“make believe” – a portrait series of women in the arts who have impacted my life, accompanied by my stories – and stories other people have shared with me – in an effort to champion the arts, build a community, gain strength through vulnerability, and heal

The Story

Sometimes it amazes me just how many of the women in my “make believe” series came into my life (or back in, in Kim’s case) because of Supernatural. But I know it’s no coincidence that Supernatural entered my life when it did, or that its women are powerhouses of talent and courage, both on and off screen. They showed up in my life when I needed them most, and Samantha Ferris was the first SPN woman to make waves in my life.

I spent most of my life unable to cry. It’s not like I actually, physically couldn’t, but someone in my life would die and the tears just wouldn’t come, no matter how sad I was. I would feel guilty for not looking appropriately upset. Sad books, sad movies, terrible news on the TV – nothin’. (Alright, except for once at the end of The Notebook – I think I scared my cousins haha – and a few times when I got really angry)

So really, when my mom passed away a few years ago and the most I could manage was to tear up a few times, I expected it.

But it had been a long (short) seven months, and I knew it was only a matter of time before I exploded in some way, or short-circuited. I was due to crash.

Like I said in Kim’s post, I started watching Supernatural a couple weeks after my mom died, and I powered through the first five or so seasons pretty quickly. Samantha’s character, Ellen, showed up in Season 2, and I was immediately attached. Tough, strong, a fierce fighter and survivor and an even fiercer mother (to her daughter and a surrogate mom to Sam and Dean), Ellen spoke to me on a deeper level. Season 5 came along, though, and in “Abandon All Hope,” Ellen and her daughter Jo die, sacrificing themselves to save Sam and Dean so they could save the world. Their final scene, watching them fight for the family they loved and for the world until the bitter, tragic end completely shattered all of my walls. Sam’s acting in that episode, and in that final scene in particular, is utterly brilliant. (There’s one specific moment where she breaks me every single time I watch the episode.) That first time watching it, I sobbed harder than I can ever remember crying before. I needed that.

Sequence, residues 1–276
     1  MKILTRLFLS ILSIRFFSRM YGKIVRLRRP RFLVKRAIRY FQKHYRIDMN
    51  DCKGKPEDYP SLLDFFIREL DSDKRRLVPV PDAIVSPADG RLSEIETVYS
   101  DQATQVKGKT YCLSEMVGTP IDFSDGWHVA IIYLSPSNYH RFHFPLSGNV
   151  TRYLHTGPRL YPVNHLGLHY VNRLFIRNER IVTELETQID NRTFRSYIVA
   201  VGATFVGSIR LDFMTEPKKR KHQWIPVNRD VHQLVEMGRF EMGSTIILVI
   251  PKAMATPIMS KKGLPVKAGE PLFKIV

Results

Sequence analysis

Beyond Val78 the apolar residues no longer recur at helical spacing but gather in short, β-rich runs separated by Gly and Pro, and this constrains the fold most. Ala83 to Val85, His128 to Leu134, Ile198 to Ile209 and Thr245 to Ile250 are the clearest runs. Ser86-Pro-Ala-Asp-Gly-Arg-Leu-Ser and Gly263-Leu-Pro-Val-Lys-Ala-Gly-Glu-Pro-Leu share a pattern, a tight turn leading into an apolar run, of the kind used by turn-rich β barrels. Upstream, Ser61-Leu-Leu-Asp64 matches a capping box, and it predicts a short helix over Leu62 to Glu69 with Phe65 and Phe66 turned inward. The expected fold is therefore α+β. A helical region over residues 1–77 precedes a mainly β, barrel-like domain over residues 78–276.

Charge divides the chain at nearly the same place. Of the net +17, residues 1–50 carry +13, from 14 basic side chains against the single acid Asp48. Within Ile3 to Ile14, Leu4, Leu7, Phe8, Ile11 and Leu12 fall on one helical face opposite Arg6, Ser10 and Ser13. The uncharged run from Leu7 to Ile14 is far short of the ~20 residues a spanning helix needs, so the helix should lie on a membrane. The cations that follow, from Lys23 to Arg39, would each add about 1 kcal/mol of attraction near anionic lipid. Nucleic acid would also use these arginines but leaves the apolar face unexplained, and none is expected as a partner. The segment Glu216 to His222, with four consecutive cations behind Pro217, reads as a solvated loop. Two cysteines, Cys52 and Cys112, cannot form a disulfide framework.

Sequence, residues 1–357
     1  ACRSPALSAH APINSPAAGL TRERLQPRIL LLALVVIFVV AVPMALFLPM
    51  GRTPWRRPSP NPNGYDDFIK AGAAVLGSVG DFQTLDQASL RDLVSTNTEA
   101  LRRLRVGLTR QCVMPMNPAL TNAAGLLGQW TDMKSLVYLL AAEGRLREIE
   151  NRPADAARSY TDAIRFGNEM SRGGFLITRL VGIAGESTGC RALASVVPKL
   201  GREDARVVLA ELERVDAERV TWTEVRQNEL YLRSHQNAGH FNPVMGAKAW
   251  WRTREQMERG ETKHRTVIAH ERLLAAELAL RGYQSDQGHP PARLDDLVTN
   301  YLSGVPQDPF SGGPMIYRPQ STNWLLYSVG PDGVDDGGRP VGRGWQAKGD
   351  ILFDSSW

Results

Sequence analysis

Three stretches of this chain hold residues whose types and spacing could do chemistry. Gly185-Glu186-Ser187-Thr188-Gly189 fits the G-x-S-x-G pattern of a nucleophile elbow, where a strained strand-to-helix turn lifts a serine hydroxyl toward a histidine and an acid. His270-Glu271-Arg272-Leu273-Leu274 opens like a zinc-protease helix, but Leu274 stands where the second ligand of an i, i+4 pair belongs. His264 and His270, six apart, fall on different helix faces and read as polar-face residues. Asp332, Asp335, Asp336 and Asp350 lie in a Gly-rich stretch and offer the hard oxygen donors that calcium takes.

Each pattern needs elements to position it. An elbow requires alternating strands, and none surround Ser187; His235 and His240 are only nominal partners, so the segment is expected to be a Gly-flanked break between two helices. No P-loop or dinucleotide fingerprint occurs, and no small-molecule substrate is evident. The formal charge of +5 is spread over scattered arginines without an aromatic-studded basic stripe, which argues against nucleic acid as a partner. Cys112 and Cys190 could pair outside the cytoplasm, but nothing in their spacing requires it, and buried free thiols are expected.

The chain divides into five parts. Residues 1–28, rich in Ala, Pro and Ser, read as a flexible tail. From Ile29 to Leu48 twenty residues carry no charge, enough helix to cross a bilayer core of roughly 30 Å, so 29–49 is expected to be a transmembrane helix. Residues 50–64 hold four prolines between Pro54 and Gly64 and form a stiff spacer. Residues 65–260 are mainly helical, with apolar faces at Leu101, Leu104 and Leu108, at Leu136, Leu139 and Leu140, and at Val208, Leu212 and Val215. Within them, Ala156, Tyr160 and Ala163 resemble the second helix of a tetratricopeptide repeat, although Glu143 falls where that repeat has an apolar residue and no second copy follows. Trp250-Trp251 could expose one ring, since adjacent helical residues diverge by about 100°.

Of course, now I cry at the drop of a hat (seriously, crying at a Marriott commercial? who does that??), but I’m slowly learning how cathartic it can be, how I’d rather feel and show that compassion for myself and for others than not be compelled to help other people, how to show myself grace. I’m choosing to see my vulnerability as a strength.

So thank you, Sam, for portraying Ellen so beautifully and helping me break through walls that were quickly becoming toxic. And thank you for the strength and the determination to stand up for what you believe in that you exemplify in real life, too! It does not go unnoticed <3


The Art

“She needed a hero” – This is it. This right here is the scene in “Abandon All Hope” that does it for me every single time. And I had to add the quote in there because it describes Ellen and Jo so well, and it never fails to inspire me. “She needed a hero, so that’s what she became.” I am selling prints of this picture, 12 x 9 in on heavy paper, and you can buy them in my Shop!

“Kick it in the ass” – An earlier scene from the same episode, before sacrificing herself to save the boys, Ellen tells Dean to “kick it in the ass.” It’s a phrase that came from Kim Manners, a Supernatural producer and director who passed away in 2009 after battling cancer, and it has become one of the SPN Family rallying cries. 36 x 24 in, oil on stretched canvas, also for sale in my Shop.

Until Next Time…

If you would like to contribute a story about how one of the ladies in my series has impacted your life, shoot me an email at elizabeth@byelizabethhope.com with the subject line “story time.” Your story can be anything from how one of these women has impacted your life to how you relate to a fictional character one of these women portrayed or wrote about to a favorite memory you have of one of these ladies. There’s no word limit, just let me know if you’d like me to quote your story directly or paraphrase it and if you’d like to be kept anonymous or not. I’ll be sharing these stories in my Instagram posts and on my blog. And if you submit a story, I will give you the portrait print of your choice for free! All you have to pay is $10 for shipping! If you missed the post explaining this series, you can read it HERE 🙂



“She needed a hero, she that’s what she became.”